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A polyp can be defined as lining of mucosa which projects out in a mushroom shape. If they have a stalk they are called pendulated if there is no stalk present they are called sessile. They are commonly found in the colon.
A colonic polyp is a polyp found in the colon. They are mostly benign but have the potential to become malignant.
There are many causes which can be neatly broken down into categories.
Additional recommended knowledge
Neoplastic, Hamartomatous, inflammatory, metaplastic.
A neoplasm is a tissue whose cells have lost its normal differentiation. They can be either benign growths or malignant growths. The malignant growths can either have primary or secondary causes.
Neoplastic polyps of the bowel are often benign hence called adenomas. An adenoma is tumour of columnar cells or glandular tissue.
Neoplastic polyps can be further broken down into tubular, tubularvillous or villous. They are all broken down into these categories by histology.
The villous subdivision is the worse one to have because the have the most malignant potential. The reason for this is because the villous are projections into the lumen and hence has a bigger surface area and therefore they have a greater potential for malignant change.
Metaplasia is defined as when the cells of the epithelia change from one type to another like in Barrett’s oesophagus, where the cells change from squamous to columnar.
metaplastic polyps are an overgrowth of tissue of normal mucosa. The name "metaplastic polyp" is actually a misnomer as there is no change in epithelia. Metaplastic polyps are the most common type of colonic polyp followed by adenoma polyps. But unlike adenomas they have no malignant potential and rarely grow larger than 5mm.
They are growths, like tumours found in organs as a result of faulty development. They are normally made up of a mixture of tissues. They grow at the normal rate of the host tissue and rarely cause problems such as compression. A common example of a hamartomatous lesion is a strawberry naevus. Hamartomatous polyps are often found by chance; occurring in syndromes such as Peutz-Jegher or Juvenile Polyposis Syndrome.
Peutz-jeghers syndrome is associated with polyps of the GI tract and also increased pigmentation around the lips, genitalia, buccal mucosa feet and hands. People are often diagnosed with Peutz-Jegher after presenting at around the age of 9 with an intussusception. The polyps themselves carry little malignant potential but because of potential coexisting adenomas there is a 15% chance of colonic malignancy.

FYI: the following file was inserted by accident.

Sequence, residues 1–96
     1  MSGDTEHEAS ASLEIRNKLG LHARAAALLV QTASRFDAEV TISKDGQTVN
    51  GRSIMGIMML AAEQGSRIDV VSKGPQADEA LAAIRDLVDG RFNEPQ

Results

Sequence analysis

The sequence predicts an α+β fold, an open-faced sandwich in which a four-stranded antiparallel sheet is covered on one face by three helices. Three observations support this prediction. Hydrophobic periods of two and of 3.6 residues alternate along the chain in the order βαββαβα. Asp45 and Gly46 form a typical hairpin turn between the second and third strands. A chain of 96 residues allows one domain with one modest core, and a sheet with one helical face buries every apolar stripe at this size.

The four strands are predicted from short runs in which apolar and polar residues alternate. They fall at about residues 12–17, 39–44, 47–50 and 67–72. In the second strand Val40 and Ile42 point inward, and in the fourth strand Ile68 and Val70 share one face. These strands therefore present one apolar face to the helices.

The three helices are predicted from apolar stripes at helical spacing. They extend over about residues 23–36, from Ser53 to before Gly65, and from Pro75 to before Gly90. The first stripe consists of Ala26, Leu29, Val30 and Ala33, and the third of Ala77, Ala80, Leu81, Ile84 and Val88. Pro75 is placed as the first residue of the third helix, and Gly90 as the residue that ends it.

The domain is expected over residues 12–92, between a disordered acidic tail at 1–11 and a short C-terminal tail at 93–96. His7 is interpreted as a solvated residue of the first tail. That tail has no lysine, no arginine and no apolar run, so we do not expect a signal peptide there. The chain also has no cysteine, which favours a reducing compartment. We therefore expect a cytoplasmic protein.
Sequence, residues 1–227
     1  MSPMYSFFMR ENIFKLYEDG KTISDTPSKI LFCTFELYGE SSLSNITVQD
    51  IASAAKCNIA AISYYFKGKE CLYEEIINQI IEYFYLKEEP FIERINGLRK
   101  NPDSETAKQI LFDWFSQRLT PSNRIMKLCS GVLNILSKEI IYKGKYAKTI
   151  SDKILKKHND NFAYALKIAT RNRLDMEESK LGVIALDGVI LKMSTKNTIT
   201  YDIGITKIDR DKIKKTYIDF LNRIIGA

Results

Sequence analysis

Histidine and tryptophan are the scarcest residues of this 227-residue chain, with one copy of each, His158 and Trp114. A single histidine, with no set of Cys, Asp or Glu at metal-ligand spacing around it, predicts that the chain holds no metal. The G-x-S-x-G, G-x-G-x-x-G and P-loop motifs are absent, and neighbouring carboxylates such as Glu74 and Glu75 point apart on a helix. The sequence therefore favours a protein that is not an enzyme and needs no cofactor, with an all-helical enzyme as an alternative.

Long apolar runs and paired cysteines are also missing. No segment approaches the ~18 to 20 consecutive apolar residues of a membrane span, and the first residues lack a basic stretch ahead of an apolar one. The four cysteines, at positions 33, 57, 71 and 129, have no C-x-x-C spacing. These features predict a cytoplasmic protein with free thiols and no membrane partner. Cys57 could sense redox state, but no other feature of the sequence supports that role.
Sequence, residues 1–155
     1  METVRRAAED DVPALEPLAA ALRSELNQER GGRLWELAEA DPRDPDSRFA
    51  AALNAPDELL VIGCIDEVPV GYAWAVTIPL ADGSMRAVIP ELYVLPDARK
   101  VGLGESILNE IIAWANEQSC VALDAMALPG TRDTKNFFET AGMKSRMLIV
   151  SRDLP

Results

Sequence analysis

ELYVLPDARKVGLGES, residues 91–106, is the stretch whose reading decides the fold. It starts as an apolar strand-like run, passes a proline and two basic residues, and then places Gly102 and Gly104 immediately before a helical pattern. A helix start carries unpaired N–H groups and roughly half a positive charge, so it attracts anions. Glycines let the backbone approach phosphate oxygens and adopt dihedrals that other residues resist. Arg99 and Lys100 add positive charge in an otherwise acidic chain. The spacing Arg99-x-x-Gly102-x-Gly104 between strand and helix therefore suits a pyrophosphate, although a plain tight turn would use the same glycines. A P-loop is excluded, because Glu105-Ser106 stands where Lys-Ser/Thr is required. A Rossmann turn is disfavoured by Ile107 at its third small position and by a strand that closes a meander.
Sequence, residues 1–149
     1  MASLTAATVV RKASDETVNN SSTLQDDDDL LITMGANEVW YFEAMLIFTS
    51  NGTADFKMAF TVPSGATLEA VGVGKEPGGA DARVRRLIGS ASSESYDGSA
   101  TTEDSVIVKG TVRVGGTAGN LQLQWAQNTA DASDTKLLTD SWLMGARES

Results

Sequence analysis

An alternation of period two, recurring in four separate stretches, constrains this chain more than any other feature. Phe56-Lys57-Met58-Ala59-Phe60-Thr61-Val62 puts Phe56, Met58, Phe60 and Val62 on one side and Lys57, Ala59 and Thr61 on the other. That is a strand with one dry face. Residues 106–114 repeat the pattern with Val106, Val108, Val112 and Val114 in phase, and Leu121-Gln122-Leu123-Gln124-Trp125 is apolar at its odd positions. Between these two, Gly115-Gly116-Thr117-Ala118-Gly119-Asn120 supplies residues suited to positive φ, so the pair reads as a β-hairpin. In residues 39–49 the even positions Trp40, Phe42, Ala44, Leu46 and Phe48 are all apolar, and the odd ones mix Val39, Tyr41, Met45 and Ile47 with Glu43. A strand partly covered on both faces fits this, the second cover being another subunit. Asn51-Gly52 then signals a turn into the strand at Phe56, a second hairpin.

Juvenile polyposis syndrome are polyps which often present when the patient is young hence called juvenile. Patients normally present young with rectal bleeding. Polyps can be solitary or multiple (>5). If there are multiple the condition is then referred to as Juvenile Polyposis. This condition may have a genetic association. Patients require upper and lower endoscopic screening with removal of polyps. If you fear adenomatous tissue developing then you can offer surgery, namely colectomy and ileorectal anastomosis
These are polyps which are associated with inflammatory conditions such as Ulcerative Colitis and Crohns disease.
When does a polyp become a problem?
Malignant potential is associated with
Normally an adenoma which is greater than 0.5cm is treated
Patients normally present with rectal bleeding. But can also present with cramp abdominal pain with altered bowel habits. With profuse bleeding you can present with Iron deficiency anaemia.
Patients require flexible sigmoidoscopy or Colonoscopy to diagnose. Polyps can just be removed during these procedures. The patient will require regular screening via endoscopy to monitor progress of disease.
Severe disease can be treated with colonic resection.
|This article is licensed under the GNU Free Documentation License. It uses material from the Wikipedia article "Colonic_polyps". A list of authors is available in Wikipedia.|